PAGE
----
Understanding influenza vaccine protection in the community: An assessment of the 2013 influenza season in Victoria, Australia

Kylie S. Carville, Kristina A. Grant, Sheena G. Sullivan, James E. Fielding, Courtney R. Lane, Lucinda Franklin, Julian Druce, Heath A. Kelly

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19 Citations (Scopus)


Background: The influenza virus undergoes frequent antigenic drift, necessitating annual review of the composition of the influenza vaccine. Vaccination is an important strategy for reducing the impact and burden of influenza, and estimating vaccine effectiveness (VE) each year informs surveillance and preventative measures. We aimed to describe the influenza season and to estimate the effectiveness of the influenza vaccine in Victoria, Australia, in 2013. Methods: Routine laboratory notifications, general practitioner sentinel surveillance (including a medical deputising service) data, and sentinel hospital admission surveillance data for the influenza season (29 April to 27 October 2013) were collated in Victoria, Australia, to describe influenza-like illness or confirmed influenza during the season. General practitioner sentinel surveillance data were used to estimate VE against medically-attended laboratory confirmed influenza. VE was estimated using the case test negative design as 1. - adjusted odds ratio (odds of vaccination in cases compared with controls). ×. 100%. Cases tested positive for influenza while non-cases (controls) tested negative. Estimates were adjusted for age group, week of onset, time to swabbing and co-morbidities. Results: The 2013 influenza season was characterised by relatively low activity with a late peak. Influenza B circulation preceded that of influenza A(H1)pdm09, with very little influenza A(H3) circulation. Adjusted VE for all influenza was 55% (95%CI: -11, 82), for influenza A(H1)pdm09 was 43% (95%CI: -132, 86), and for influenza B was 56% (95%CI: -51, 87) Imputation of missing data raised the influenza VE point estimate to 64% (95%CI: 13, 85). Conclusions: Clinicians can continue to promote a positive approach to influenza vaccination, understanding that inactivated influenza vaccines prevent at least 50% of laboratory-confirmed outcomes in hospitals and the community.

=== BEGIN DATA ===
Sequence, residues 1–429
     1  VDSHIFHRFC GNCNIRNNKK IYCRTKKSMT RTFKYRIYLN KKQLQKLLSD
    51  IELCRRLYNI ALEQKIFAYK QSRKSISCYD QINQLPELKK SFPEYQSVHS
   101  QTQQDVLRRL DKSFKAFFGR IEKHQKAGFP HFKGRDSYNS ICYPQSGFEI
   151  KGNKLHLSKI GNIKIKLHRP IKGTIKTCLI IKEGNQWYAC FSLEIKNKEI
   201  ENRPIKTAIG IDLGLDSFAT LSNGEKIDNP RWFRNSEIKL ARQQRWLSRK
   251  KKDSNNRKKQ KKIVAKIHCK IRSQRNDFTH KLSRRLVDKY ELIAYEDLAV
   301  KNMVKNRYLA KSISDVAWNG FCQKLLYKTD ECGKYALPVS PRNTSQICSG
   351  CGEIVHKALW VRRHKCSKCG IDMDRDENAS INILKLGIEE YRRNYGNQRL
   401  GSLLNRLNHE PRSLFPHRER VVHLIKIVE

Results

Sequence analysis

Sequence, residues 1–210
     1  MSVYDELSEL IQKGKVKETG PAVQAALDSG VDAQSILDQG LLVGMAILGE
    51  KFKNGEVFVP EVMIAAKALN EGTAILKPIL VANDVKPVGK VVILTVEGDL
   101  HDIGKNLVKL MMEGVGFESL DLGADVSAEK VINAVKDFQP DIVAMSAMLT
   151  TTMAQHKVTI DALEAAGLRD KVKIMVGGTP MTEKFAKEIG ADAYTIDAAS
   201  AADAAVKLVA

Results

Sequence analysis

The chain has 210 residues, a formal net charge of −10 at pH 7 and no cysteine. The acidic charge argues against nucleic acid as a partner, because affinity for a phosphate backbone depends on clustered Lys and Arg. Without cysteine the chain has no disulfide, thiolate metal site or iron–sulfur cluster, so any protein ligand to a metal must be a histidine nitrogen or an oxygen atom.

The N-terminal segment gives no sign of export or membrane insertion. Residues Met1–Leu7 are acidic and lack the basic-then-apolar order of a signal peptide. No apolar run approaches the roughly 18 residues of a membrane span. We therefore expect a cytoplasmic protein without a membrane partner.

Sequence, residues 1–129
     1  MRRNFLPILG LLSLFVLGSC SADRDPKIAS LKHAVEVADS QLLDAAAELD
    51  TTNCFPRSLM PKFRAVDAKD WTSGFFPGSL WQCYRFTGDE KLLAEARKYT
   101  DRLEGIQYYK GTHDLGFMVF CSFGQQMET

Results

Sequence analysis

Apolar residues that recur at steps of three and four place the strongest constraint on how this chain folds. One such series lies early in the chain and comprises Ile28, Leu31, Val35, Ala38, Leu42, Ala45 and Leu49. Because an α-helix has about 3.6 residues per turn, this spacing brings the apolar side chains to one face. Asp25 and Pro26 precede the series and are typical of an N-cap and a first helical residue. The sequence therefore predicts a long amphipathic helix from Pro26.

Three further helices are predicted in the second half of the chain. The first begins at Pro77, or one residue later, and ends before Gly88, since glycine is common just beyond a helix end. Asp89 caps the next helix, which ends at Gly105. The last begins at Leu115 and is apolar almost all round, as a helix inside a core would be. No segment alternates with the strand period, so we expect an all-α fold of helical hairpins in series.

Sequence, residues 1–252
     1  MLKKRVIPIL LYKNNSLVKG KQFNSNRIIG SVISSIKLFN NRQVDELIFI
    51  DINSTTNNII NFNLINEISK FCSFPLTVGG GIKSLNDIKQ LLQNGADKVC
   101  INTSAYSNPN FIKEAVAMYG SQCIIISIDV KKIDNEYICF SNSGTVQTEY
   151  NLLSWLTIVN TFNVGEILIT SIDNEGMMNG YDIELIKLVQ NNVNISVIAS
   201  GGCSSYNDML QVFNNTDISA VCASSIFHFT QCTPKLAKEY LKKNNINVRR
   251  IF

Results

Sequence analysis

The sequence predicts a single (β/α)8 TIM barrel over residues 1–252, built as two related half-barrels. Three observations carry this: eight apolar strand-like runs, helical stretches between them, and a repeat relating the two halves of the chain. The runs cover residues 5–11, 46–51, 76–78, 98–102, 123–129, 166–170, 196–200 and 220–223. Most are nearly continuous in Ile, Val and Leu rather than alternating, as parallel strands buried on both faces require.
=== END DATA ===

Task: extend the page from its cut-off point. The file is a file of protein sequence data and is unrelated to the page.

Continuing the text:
Original languageEnglish
Pages (from-to)341-345
Number of pages5
Issue number2
Publication statusPublished - 3 Jan 2015
Externally publishedYes


  • Influenza
  • Influenza season
  • Influenza vaccine
  • Influenza-like illness
  • Vaccine effectiveness

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